8. A scroll compressor as in claim 4, wherein the first and second torque transmission members respectively comprise a first pin and a second pin, wherein the first pin is arranged and constructed to slidably rotate around the second pin.
9. A scroll compressor as in claim 8, further comprising at least one ring rotatably mounted on one of the first pin or the second pin, wherein the first pin and/or the second pin can slidably rotate around an outer circumferential surface of the ring.
10. A scroll compressor as in claim 4, further including first means for rotatably supporting the first scroll in a straddle manner and second means for rotatably supporting the second scroll in a cantilever manner.
11. A scroll compressor as in claim 10, wherein at least one of the first means or second means comprises a bearing.
12. A scroll compressor as in claim 1, further including first means for rotatably supporting the first scroll in a straddle manner and second means for rotatably supporting the second scroll in a cantilever manner.
13. A scroll compressor as in claim 12, wherein at least one of the first means or second means comprises a bearing.
14. A method for compressing a refrigerant within a compressor having a drive scroll, a driven scroll and a discharge chamber defined within one of the drive scroll or driven scroll, comprising:
drawing refrigerant into at least one compression chamber defined between the drive scroll and driven scroll by rotating the drive scroll, wherein pressurized refrigerant is disposed within the at least one compression chamber,
discharging pressurized refrigerant into the discharge chamber, wherein pressurized refrigerant is disposed within the discharge chamber and
applying a thrust force against one of the drive scroll and the driven scroll, the thrust force being generated by the pressure of the refrigerant disposed within the discharge chamber.
15. A compressor comprising:
a drive scroll,
a driven scroll,
a discharge chamber defined within one of the drive scroll or driven scroll,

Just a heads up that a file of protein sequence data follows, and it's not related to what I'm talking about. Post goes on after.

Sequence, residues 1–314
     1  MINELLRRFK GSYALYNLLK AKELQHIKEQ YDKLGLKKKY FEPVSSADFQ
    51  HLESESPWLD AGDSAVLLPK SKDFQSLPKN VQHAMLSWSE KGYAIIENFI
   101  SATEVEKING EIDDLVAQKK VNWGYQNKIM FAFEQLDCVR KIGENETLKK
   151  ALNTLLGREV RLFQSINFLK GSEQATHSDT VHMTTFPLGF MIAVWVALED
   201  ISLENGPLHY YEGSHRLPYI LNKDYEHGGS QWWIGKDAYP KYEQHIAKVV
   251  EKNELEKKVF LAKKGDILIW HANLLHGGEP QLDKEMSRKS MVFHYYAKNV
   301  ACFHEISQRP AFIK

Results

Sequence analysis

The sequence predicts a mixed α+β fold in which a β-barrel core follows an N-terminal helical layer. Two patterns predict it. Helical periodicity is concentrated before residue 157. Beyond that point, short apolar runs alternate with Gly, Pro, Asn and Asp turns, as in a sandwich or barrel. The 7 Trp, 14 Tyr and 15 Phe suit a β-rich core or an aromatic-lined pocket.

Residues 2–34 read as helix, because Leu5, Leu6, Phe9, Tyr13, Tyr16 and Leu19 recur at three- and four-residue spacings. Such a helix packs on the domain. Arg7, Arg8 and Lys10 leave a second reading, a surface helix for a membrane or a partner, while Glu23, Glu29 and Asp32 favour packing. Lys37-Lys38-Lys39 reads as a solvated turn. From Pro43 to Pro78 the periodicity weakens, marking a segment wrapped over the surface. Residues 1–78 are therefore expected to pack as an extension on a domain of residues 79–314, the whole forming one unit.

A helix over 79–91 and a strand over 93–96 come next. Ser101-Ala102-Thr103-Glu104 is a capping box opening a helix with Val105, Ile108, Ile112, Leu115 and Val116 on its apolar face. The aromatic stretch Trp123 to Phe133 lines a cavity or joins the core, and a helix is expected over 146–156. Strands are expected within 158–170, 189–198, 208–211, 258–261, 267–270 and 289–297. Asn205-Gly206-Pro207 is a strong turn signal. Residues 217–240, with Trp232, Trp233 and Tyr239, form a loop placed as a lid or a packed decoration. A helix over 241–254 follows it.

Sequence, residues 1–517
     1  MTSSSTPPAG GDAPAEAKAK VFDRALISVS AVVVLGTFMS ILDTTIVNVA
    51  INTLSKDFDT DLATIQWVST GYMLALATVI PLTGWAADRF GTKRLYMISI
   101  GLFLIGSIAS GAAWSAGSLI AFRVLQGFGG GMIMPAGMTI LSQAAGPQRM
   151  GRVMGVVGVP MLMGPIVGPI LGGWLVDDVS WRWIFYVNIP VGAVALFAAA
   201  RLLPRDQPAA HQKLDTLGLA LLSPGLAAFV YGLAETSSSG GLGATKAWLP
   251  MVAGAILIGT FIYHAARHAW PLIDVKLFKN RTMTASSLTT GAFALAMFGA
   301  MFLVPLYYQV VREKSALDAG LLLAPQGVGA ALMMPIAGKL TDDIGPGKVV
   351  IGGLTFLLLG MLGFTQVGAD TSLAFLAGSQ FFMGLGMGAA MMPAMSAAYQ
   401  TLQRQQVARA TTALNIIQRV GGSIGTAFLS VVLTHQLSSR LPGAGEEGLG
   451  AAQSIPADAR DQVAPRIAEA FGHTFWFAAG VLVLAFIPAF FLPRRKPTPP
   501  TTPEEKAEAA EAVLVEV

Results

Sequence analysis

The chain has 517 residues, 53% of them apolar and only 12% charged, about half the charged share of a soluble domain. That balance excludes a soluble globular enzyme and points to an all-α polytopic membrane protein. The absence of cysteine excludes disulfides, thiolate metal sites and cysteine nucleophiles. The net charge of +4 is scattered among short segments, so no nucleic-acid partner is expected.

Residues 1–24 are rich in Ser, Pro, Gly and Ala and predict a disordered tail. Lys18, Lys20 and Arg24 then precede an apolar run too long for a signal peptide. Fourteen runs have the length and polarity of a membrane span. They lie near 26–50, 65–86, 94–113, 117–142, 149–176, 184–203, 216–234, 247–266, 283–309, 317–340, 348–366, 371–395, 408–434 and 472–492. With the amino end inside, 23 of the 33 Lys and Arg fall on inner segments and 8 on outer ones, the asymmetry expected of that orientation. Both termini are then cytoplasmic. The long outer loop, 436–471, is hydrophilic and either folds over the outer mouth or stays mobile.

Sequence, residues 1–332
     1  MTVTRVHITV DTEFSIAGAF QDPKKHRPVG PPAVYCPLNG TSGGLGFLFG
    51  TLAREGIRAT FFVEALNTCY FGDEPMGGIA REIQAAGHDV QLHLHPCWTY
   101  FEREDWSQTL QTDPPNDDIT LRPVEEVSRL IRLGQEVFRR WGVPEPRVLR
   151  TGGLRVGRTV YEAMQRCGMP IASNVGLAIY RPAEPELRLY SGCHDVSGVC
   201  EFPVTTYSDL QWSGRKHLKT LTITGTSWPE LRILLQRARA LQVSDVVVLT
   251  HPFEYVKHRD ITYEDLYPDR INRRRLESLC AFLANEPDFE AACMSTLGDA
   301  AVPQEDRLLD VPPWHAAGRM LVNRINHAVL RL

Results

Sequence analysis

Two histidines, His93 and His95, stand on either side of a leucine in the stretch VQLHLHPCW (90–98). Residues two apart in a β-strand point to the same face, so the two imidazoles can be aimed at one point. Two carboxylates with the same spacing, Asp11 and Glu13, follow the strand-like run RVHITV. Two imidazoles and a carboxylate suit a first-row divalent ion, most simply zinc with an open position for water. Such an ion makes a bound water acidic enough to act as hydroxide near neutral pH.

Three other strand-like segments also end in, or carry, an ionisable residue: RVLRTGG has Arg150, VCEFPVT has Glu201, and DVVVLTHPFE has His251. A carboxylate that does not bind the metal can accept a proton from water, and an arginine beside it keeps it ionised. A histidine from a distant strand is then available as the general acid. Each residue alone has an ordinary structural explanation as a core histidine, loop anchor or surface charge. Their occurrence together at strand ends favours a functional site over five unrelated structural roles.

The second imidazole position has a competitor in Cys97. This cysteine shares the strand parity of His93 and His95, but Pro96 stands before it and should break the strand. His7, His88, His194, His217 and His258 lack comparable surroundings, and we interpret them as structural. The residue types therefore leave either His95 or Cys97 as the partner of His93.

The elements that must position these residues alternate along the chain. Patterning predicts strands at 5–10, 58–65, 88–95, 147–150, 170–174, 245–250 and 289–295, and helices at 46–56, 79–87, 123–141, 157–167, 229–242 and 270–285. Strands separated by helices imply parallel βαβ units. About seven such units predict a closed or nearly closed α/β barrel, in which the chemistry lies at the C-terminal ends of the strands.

means for drawing refrigerant into at least one compression chamber defined between the drive scroll and driven scroll by rotating the drive scroll, wherein pressurized refrigerant is disposed within the at least one compression chamber,
means for discharging pressurized refrigerant into the discharge chamber, wherein pressurized refrigerant is disposed within the discharge chamber,
means for applying a thrust force against one of the drive scroll and the driven scroll, the thrust force being generated by the pressure of the refrigerant within the discharge chamber.
16. A scroll compressor as in claim 15, further comprising an electric motor rotatably driving the drive scroll and a housing defining a substantially sealed chamber that accommodates the drive scroll, the driven scroll and the electric motor, wherein a relatively low pressure suction pressure region is defined within the substantially sealed chamber.
17. A scroll compressor as in claim 16, further including a transmission arranged and constructed to synchronously transmit rotation of the drive scroll to the driven scroll, the transmission including a first torque transmission member disposed on the drive scroll and a second torque transmission member disposed on the driven scroll, wherein rotation of the drive scroll is transmitted to the driven scroll via the first and second transmission members.
18. A scroll compressor as in claim 17, further including means for rotatably supporting one of the drive scroll and the driven scroll in a straddle manner and means for rotatably supporting the other of the drive scroll and the driven scroll in a cantilever manner.
19. A scroll compressor as in claim 15, further including means for rotatably supporting one of the drive scroll and the driven scroll in a straddle manner and means for rotatably supporting the other of the drive scroll and the driven scroll in a cantilever manner.
Description
BACKGROUND OF THE INVENTION

1. Field of the Invention

The present invention relates to scroll compressors, and in particular to scroll compressors known as “double rotational compressors,” in which a drive scroll rotates in synchronism with a driven scroll about respective rotational axes that are offset with respect to each other.

2. Description of Related Art

Japanese Laid-open Patent Publication No. 7-229480 discloses a double rotational scroll compressor, in which a drive scroll and a driven scroll oppose each other and define a compression chamber therebetween. The drive and driven scrolls are disposed within a rotor of an electric motor and the drive scroll is secured to the rotor. Further, the rotor and the drive scroll are rotatably and coaxially supported within a housing, i.e., a sealed chamber that accommodates the scrolls. The driven scroll is rotatably supported by an eccentric mechanism that is mounted on a shaft and the shaft extends though the rotor. An Oldham's coupling serves to transmit the rotation of the rotor or the drive scroll to the driven scroll.